we get 2vcm vo  0 R R a f • this gives vo   2 Rf 1 vcm Ra but vcm  RRL id  vo • thus. p.2A? • Answer: The equivalent circuit is shown here here. substituting (1) into (2) yields vcm  2 RRLid 1  2 Rf /Ra ECE 445: Biomedical Instrumentation Biopotential Amplifiers. Summing the currents at the negative input of the operational amplifier. Note that because the commonmode gain of the input stage is 1. • What is vcm for this circuit when id=0. RRL represents the resistance of the right-leg electrode. p. vcm at the input is isolated from the output circuit. and because the input stage as shown has a very high input impedance. Ra’s & fed back to right leg • provides negative feedback to reduce common mode voltage • if high voltage appears between patient ti t and d ground. Choose appropriate values for the resistances in the circuit so that the common-mode voltage is minimal and there is only a high-resistance path to ground when the auxiliary operational amplifier saturates. 14 . 13 Driven Right Leg System: Example • Problem: Determine the common-mode voltage vcm on the patient in the drivenright-leg circuit of Slide 13 when a displacement current id flows to the patient from the power lines.Driven Right Leg System • Motivation • reduce interference in amplifier • improve p patient p safetyy • Approach • patient right leg tied to output of an auxiliary ili amp rather th th than ground d • common mode voltage on body sensed by averaging resistors. d auxiliary ili amp effectively un-grounds the patient to stop current flow ECE 445: Biomedical Instrumentation Biopotential Amplifiers.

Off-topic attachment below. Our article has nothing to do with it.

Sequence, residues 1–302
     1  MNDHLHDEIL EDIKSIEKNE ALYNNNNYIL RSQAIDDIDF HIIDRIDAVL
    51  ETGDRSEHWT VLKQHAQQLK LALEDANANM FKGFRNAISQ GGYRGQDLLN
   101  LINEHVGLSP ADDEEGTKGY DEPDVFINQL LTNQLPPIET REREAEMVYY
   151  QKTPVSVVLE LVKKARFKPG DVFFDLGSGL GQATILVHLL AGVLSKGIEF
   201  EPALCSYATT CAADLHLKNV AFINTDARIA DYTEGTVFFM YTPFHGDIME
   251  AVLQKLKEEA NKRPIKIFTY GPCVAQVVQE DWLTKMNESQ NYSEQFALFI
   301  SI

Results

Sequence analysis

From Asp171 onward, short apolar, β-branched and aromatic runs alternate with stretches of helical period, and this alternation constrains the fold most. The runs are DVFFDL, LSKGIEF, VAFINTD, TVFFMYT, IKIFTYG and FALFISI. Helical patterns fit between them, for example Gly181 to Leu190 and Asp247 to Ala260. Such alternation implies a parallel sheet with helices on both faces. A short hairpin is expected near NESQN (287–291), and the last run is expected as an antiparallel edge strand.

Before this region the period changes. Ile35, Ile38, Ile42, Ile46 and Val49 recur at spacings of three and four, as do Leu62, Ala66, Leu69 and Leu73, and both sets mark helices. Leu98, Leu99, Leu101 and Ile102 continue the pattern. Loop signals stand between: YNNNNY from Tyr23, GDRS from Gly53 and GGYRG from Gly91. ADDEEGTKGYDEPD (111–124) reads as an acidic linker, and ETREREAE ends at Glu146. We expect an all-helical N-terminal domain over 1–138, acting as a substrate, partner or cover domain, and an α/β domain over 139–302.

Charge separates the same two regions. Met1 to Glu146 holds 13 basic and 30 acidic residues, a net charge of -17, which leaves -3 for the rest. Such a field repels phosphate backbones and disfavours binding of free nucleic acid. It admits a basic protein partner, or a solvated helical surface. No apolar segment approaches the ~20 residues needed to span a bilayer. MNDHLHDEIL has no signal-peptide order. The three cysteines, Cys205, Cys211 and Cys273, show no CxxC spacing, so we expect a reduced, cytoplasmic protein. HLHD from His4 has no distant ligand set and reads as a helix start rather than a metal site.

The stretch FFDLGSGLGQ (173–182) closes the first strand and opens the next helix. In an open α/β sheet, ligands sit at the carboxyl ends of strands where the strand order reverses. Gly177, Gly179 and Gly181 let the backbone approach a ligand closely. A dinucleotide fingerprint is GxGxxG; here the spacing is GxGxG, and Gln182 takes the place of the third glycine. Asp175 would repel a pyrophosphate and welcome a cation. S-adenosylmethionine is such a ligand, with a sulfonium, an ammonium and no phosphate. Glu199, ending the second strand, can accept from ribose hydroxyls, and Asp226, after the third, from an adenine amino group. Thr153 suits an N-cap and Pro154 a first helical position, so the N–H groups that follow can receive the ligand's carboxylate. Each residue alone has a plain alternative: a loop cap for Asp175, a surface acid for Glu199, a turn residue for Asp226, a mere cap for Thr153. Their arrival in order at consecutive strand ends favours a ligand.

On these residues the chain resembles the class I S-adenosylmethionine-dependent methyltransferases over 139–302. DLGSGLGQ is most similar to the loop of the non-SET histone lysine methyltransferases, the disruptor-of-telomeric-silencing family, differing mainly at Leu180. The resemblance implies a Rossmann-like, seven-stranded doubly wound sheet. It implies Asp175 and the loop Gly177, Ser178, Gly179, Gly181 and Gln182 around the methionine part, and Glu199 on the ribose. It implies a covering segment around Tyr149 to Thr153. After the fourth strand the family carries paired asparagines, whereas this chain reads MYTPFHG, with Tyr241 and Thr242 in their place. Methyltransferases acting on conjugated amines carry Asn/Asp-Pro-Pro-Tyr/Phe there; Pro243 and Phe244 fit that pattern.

Rf and Ro should be large. -Small size implies high source impedance which also results in a large shunting capacitance. • A typical value of Ra would be 25 k. small Rf can be equal to Ro.Degraded D d d frequency f response. . p. in other words. as would occur during a large transient vcm. • When the amplifier is not saturated. A worst-case electrode resistance RRL would be 100 k. we would like vcm to be as small as possible or. When the amplifier saturates. p. The right g leg g is now connected to ground through this source and the parallel resistances Rf and Ro.Example continued • The effective resistance between the right leg and ground is the resistance of the right-leg electrode divided by 1 plus the gain of the auxiliary operational-amplifier circuit. This can be achieved by making Rf large and Ra relatively small. The effective resistance between the right leg and ground would then be 100 k  249  2  5 M 1 25 k • For the 0. To limit the current. Values as high as 5 M are used.Microelectrodes detect potentials on the order of 50-100mV. the common-mode voltage is vcm  249   0. but Ra can be much smaller. to be an effective low-resistance path to ground.2 μA  50 μV ECE 445: Biomedical Instrumentation Biopotential Amplifiers. 15 Compensation of electrode artifacts .2 A displacement current. ECE 445: Biomedical Instrumentation Biopotential Amplifiers. 16 . its output p appears pp as the saturation voltage g vs.

p.Compensation of electrode artifacts .Compensate large shunt capacitance using i a positive iti feedback f db k -Circuit below realizes a negative capacitance vi  vi  1 Cf  i dt  A v 1 1 (1  Av )C f v i  i dt 1 .Compensation criteria C s  ( Av  1)C f ECE 445: Biomedical Instrumentation Biopotential Amplifiers. 17 .Total capacitance C  C s  (1  Av )C f .